Basil’s reverence for Athanasius

“To Athanasius, Bishop of Alexandria. The more the sicknesses of the Church increase, so much the more earnestly do we all turn towards thy fulness of grace, persuaded that thy guardianship is our sole remaining comfort in our difficulties. By the power of thy prayers, by the wisdom of thy counsels, thou art able to carry us through this fearful storm; as all are sure, who have heard or made trial of thy gifts ever so little. Wherefore cease not both to pray for our souls, and to stir us up by thy letters; didst thou know the profit of these to us, thou wouldst never let pass an opportunity of writing to us. For me, were it vouchsafed to me, by the help of thy prayers, once to see thee, and to profit by the gifts lodged in thee, and to add to the history of my life a meeting with so great and apostolical a soul, surely I should consider myself to have received from the loving mercy of God a compensation for all the ills, with which my life has ever been afflicted.”

State of the East in the reign of Valens

The trials of the Church, spoken of by Basil in this letter, were the beginnings of the persecution directed against it by the Emperor Valens. This prince, who succeeded Jovian in the East, had been baptised by Eudoxius; who, from the time he became possessed of the see of Constantinople, was the chief, and soon became the sole, though a powerful, support of the Eusebian faction. He is said to have bound Valens by oath, at the time of his baptism, that he would establish Arianism as the state religion of the East; and thus to have prolonged its ascendancy for an additional sixteen years after the death of Constantius. At the beginning of this period, the heretical party had been weakened by the secession of the Semi-arians, who had not merely left them, but had joined the Catholics. This part of the history affords a striking illustration, not only of the gradual influence of truth over error, but of the remarkable manner in which Divine Providence makes use of error itself as a preparation for truth; i. e. employing the lighter forms of it in sweeping away those of a more offensive nature. Thus Semi-arianism became the bulwark and forerunner of the orthodoxy which it opposed. From A.D. 357, the date of the virtually Homœan formulary of Sirmium, it had protested against the impiety of the genuine Eusebians. In the successive Councils of Ancyra and Seleucia, in the two following years, it had condemned and deposed them; and had established the scarcely objectionable creed of Lucian. On its own subsequent disgrace at Court, it had concentrated itself on the Asiatic side of the Hellespont; while the high character of its leading bishops for gravity and strictness of life, and its influence over the monastic institutions, gave it a formidable popularity among the lower classes on the opposite coast of Thrace.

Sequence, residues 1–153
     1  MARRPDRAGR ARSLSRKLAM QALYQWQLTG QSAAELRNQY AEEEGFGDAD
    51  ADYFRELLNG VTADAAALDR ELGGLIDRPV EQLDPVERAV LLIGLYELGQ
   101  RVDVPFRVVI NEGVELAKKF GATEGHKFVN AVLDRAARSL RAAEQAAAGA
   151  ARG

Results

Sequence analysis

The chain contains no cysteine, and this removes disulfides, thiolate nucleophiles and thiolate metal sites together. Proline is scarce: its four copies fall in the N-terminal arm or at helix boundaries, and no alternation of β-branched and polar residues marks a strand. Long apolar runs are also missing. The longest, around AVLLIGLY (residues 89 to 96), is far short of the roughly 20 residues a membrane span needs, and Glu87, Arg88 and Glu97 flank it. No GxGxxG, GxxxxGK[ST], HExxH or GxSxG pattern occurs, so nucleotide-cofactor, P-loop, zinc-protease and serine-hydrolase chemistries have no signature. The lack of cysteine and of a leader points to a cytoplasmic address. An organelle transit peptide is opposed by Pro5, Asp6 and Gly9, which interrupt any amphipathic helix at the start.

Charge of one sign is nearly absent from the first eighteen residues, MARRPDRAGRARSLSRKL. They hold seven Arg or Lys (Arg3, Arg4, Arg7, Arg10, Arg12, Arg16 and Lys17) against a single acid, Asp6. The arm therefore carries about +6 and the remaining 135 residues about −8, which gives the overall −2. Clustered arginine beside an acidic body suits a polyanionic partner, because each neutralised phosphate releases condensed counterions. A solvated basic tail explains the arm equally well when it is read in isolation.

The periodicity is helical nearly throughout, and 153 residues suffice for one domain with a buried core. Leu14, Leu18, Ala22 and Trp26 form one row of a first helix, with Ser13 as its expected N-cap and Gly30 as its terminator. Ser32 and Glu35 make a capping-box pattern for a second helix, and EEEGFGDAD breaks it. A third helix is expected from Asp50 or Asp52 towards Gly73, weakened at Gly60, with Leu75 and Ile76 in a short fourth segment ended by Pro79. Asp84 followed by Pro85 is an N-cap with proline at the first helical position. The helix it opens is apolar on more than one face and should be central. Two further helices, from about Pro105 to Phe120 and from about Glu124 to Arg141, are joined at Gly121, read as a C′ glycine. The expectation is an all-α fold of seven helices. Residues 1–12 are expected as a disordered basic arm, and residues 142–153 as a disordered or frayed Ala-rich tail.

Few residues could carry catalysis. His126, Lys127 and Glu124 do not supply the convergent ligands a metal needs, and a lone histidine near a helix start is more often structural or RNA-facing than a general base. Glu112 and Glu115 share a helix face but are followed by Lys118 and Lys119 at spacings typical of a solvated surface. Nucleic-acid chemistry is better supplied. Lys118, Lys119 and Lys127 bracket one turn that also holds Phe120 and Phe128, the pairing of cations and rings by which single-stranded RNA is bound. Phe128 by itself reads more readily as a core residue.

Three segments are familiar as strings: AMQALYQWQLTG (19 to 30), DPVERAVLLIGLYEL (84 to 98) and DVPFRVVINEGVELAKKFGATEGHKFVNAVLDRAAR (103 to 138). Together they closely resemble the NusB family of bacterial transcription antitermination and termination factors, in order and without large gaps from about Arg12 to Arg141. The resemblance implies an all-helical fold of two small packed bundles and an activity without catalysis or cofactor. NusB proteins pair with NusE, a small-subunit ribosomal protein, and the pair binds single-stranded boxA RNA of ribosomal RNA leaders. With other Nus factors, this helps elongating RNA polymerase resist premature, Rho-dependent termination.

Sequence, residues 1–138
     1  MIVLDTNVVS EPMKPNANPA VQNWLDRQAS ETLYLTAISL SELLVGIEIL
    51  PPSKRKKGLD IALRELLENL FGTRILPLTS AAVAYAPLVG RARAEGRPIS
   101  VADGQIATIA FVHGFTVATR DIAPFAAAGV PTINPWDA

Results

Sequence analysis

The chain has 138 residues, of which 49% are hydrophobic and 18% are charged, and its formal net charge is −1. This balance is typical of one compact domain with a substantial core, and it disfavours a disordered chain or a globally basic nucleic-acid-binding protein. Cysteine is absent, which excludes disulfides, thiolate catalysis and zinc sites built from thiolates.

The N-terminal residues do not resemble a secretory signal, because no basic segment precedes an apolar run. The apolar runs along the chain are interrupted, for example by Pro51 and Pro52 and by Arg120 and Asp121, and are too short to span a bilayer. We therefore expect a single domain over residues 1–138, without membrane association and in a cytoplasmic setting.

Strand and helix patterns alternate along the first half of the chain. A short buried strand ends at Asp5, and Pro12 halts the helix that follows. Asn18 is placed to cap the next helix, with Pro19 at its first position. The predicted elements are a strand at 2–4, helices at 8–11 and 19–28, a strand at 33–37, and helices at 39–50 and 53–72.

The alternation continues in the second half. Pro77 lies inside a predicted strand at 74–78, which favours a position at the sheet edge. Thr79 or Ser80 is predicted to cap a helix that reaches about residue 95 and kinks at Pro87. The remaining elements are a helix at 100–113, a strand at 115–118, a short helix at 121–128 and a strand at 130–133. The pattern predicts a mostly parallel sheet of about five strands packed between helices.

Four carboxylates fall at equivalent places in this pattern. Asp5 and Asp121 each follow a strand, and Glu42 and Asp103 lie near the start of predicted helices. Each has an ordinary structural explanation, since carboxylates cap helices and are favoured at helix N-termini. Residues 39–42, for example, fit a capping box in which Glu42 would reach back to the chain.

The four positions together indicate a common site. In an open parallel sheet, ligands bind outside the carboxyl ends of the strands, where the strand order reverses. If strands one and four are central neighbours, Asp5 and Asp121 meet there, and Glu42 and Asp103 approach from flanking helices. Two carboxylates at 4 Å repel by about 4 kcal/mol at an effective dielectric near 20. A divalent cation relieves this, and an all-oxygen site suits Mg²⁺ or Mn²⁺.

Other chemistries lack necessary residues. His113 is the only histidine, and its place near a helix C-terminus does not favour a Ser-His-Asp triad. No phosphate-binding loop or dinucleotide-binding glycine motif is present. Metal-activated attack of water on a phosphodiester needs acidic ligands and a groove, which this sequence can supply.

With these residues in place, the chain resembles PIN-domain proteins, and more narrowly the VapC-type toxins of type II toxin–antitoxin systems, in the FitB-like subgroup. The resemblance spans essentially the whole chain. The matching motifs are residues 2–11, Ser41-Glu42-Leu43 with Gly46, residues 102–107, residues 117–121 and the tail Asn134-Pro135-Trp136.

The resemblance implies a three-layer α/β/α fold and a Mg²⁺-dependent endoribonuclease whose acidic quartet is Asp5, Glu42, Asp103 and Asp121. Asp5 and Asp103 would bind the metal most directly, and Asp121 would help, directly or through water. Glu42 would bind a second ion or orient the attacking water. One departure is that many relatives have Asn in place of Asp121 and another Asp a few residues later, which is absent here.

Concluding History of the Semi-arians

Seven years after the Council of Seleucia, in the reign of Valens, the Semi-arians held a Council at Lampsacus, in which they condemned the Homœan formulary of Ariminum, confirmed the creed of the Dedication, and, after citing the Eudoxians to answer the accusations brought against them, proceeded to ratify the deposition of them, which had already been pronounced at Seleucia. At this time they seem to have entertained hopes of gaining the Emperor; but finding the influence of Eudoxius paramount at Court, their horror or jealousy of his party led them to a bolder step. They resolved on putting themselves under the protection of Valentinian, the orthodox Emperor of the West; and, finding it necessary for this purpose to stand well with the Latin Church, they at length overcame their repugnance to the Homoousion, and subscribed a formula, of which, (at least till the Council of Constantinople, A. D. 360,) they had been among the most eager and obstinate opposers. Fifty-nine Semi-arian Bishops gave in their assent to orthodoxy on this memorable occasion, which took place A.D. 366. Their deputies were received into communion by Liberius, who had recovered himself at Ariminum, and who wrote letters in favour of these new converts to the Churches of the East. On their return, they presented themselves before an orthodox Council then sitting at Tyana, exhibited the commendatory letters which they had received from Italy, Gaul, Africa, and Sicily, as well as Rome, and were joyfully acknowledged by the assembled prelates as members of the Catholic body. A final Council was appointed at Tarsus; whither it was hoped all the Churches of the East would send representatives, in order to complete the reconciliation between the two parties. But enough had been done, as it would seem, in the external course of events, to unite the scattered portions of the Church; and, when that end was on the point of accomplishment, the usual law of Divine Providence intervened, and left the sequel of the union as a task and a trial for Christians individually. The project of the Council failed; thirty-four Semi-arian Bishops suddenly opposed themselves to the purpose of their brethren, and protested against the Homoousion. The Emperor, on the other hand, recently baptised by Eudoxius, interfered; forbad the proposed Council, and proceeded to issue an edict, in which all bishops were deposed from their sees, who had been banished under Constantius, and restored by Julian. It was at this time, that the fifth exile of Athanasius took place, which was lately mentioned. A more cruel persecution followed in A.D. 371, and lasted for several years. The death of Valens, A.D. 378, was followed by the final downfall of Arianism in the Eastern Church.